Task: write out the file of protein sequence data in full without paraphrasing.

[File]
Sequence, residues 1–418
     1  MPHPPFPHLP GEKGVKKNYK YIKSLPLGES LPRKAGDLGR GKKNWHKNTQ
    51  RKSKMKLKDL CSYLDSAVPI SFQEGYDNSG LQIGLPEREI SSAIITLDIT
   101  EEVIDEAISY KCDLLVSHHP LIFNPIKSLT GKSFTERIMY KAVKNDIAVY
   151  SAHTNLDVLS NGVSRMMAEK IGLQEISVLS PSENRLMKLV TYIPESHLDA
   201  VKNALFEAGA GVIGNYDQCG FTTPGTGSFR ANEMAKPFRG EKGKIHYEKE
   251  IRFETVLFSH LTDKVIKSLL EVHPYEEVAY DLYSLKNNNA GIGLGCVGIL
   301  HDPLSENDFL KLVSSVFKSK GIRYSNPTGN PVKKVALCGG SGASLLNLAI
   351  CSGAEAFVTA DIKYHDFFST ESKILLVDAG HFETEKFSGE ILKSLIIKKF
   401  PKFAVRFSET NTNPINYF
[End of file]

Sequence, residues 1–418
     1  MPHPPFPHLP GEKGVKKNYK YIKSLPLGES LPRKAGDLGR GKKNWHKNTQ
    51  RKSKMKLKDL CSYLDSAVPI SFQEGYDNSG LQIGLPEREI SSAIITLDIT
   101  EEVIDEAISY KCDLLVSHHP LIFNPIKSLT GKSFTERIMY KAVKNDIAVY
   151  SAHTNLDVLS NGVSRMMAEK IGLQEISVLS PSENRLMKLV TYIPESHLDA
   201  VKNALFEAGA GVIGNYDQCG FTTPGTGSFR ANEMAKPFRG EKGKIHYEKE
   251  IRFETVLFSH LTDKVIKSLL EVHPYEEVAY DLYSLKNNNA GIGLGCVGIL
   301  HDPLSENDFL KLVSSVFKSK GIRYSNPTGN PVKKVALCGG SGASLLNLAI
   351  CSGAEAFVTA DIKYHDFFST ESKILLVDAG HFETEKFSGE ILKSLIIKKF
   401  PKFAVRFSET NTNPINYF